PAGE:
Expats are fantastic
Despite, or perhaps because of the challenges faced by living and working abroad, expats are some of the most impressive people you can meet. They are likely to be high achieving, hard-working and often really interesting and empathetic individuals. They have moved themselves, and perhaps their families, to another country with all the associated upheaval and turmoil that comes with organising visas and international logistics. This alone demonstrates bravery and resourcefulness when we all know moving house within your home country is stressful enough.
Consider just a few other challenges expats have to overcome. Things like navigating a foreign healthcare system. A system where not only the process for getting an appointment and paying for treatment is entirely different, but the whole philosophy and approach to healthcare can be completely alien.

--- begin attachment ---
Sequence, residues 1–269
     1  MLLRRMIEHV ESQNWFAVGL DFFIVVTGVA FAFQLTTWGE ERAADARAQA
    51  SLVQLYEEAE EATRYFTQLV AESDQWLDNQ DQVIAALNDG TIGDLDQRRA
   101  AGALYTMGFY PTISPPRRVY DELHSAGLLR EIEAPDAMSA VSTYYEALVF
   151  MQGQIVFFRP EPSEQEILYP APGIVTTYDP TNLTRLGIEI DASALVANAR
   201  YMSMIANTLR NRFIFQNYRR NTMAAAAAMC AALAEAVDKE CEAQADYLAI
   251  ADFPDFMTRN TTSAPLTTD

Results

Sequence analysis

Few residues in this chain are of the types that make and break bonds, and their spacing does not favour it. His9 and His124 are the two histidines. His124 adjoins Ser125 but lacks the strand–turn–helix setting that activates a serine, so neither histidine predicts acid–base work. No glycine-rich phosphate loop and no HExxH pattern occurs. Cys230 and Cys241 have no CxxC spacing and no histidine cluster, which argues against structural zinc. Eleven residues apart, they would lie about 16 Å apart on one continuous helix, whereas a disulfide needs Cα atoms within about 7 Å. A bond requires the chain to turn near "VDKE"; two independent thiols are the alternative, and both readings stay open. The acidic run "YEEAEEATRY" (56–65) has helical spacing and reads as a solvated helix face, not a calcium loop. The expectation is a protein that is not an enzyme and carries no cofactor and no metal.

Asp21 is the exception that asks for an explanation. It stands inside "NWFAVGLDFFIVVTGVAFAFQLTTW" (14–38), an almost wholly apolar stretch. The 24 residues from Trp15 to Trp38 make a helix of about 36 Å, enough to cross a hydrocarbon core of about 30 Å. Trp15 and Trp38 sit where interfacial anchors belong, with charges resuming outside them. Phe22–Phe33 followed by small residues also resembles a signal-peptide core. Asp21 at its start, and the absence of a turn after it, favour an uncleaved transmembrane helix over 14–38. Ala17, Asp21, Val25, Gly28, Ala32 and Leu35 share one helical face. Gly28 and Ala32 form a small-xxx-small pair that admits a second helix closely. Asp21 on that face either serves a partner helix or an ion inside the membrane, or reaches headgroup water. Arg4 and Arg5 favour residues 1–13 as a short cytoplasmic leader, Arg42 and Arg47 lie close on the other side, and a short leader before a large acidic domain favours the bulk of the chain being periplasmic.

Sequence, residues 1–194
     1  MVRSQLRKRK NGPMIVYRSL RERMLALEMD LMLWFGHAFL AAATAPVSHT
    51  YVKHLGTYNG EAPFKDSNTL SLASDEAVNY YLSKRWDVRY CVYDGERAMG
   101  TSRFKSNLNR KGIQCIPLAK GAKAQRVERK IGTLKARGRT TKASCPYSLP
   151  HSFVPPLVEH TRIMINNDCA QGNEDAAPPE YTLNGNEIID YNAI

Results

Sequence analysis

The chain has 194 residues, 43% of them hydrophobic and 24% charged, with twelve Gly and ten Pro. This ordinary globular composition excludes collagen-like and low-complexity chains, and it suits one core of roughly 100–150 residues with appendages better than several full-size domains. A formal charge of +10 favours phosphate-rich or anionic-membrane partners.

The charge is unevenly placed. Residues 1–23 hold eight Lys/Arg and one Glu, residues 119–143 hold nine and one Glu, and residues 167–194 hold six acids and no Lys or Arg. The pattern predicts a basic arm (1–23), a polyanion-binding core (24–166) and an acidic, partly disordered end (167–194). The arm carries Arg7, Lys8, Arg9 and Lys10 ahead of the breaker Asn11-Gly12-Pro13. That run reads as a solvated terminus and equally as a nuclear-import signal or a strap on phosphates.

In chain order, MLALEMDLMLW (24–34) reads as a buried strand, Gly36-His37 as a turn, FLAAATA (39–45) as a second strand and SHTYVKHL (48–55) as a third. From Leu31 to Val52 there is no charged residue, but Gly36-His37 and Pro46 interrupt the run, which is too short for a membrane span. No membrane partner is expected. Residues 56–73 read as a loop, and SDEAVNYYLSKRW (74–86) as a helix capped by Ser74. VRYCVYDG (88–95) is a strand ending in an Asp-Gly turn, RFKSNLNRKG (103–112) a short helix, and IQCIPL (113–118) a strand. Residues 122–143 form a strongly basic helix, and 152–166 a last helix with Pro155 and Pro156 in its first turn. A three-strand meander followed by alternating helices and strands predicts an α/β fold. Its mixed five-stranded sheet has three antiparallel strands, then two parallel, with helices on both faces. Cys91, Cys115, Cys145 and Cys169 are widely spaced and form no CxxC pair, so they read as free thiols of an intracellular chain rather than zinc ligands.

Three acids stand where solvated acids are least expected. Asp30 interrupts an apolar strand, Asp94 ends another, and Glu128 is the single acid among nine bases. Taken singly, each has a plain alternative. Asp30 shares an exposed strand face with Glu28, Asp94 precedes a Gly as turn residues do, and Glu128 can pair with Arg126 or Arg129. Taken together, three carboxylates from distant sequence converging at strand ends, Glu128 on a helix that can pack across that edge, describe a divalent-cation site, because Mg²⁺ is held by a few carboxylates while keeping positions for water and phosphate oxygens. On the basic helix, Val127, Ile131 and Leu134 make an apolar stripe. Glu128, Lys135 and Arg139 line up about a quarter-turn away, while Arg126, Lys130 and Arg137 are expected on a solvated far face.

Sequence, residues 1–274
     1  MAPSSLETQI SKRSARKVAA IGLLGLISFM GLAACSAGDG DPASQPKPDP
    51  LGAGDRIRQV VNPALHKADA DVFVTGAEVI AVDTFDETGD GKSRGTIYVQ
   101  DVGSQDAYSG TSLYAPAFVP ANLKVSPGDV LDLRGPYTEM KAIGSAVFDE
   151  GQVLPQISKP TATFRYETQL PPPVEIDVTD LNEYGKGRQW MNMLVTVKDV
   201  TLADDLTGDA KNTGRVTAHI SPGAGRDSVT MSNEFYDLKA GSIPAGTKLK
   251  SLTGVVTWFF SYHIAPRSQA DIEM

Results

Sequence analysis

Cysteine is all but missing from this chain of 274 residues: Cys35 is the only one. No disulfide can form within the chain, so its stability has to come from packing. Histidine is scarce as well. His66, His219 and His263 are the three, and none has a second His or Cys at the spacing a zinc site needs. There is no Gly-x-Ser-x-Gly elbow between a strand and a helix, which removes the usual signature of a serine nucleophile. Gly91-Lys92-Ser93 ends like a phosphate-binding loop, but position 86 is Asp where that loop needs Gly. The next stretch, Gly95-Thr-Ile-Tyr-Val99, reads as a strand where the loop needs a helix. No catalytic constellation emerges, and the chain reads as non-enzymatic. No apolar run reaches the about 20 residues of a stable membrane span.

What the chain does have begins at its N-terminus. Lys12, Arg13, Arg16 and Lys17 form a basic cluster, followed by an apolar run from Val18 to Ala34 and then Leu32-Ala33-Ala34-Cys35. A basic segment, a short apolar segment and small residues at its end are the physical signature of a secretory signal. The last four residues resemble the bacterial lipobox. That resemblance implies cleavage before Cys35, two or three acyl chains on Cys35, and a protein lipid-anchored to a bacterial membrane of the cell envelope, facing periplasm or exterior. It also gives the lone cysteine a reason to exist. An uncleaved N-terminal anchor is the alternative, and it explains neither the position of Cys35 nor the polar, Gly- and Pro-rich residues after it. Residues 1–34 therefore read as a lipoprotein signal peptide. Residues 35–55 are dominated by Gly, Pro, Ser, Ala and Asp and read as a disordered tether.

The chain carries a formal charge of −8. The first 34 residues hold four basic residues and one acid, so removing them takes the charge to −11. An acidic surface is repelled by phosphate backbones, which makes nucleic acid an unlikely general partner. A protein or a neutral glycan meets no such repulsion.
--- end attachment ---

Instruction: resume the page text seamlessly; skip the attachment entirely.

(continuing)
Or how about finding somewhere suitable to live without local knowledge of different neighbourhoods? No understanding of what landlords or mortgage lenders consider as ideal candidates. No experience of how utilities are set up and or how to avoid unnecessary fees and get the best deals.
Or what about learning to get along with new work colleagues? Ignorant of how seemingly mundane actions can be perceived, something as simple as eating lunch at one’s desk to meet a deadline could be perceived not as being conscientious and hard-working but someone anti-social and unhygienic. The workplace can really be a cultural minefield!
Successive navigation of these experiences demonstrates the resilience, open-mindedness, creative thinking and resourcefulness of an expat. Studies have shown that expats that learn to speak another language might actually become smarter too. However, expats are only human and they do in fact have an “Achilles heel”: their mental health.
Expats have been studied by researchers for decades. In recent times, as global enterprise has expanded, surveying expats has been commonplace for many international businesses. Some companies publish their reports online and HSBC and Aetna International, in particular, publish their findings annually.
The actual statistics vary (I advise you to check for yourself, even a simple google search of ‘expat-mental health’ returns over 4.5 million results) but on the whole, research has shown that expats are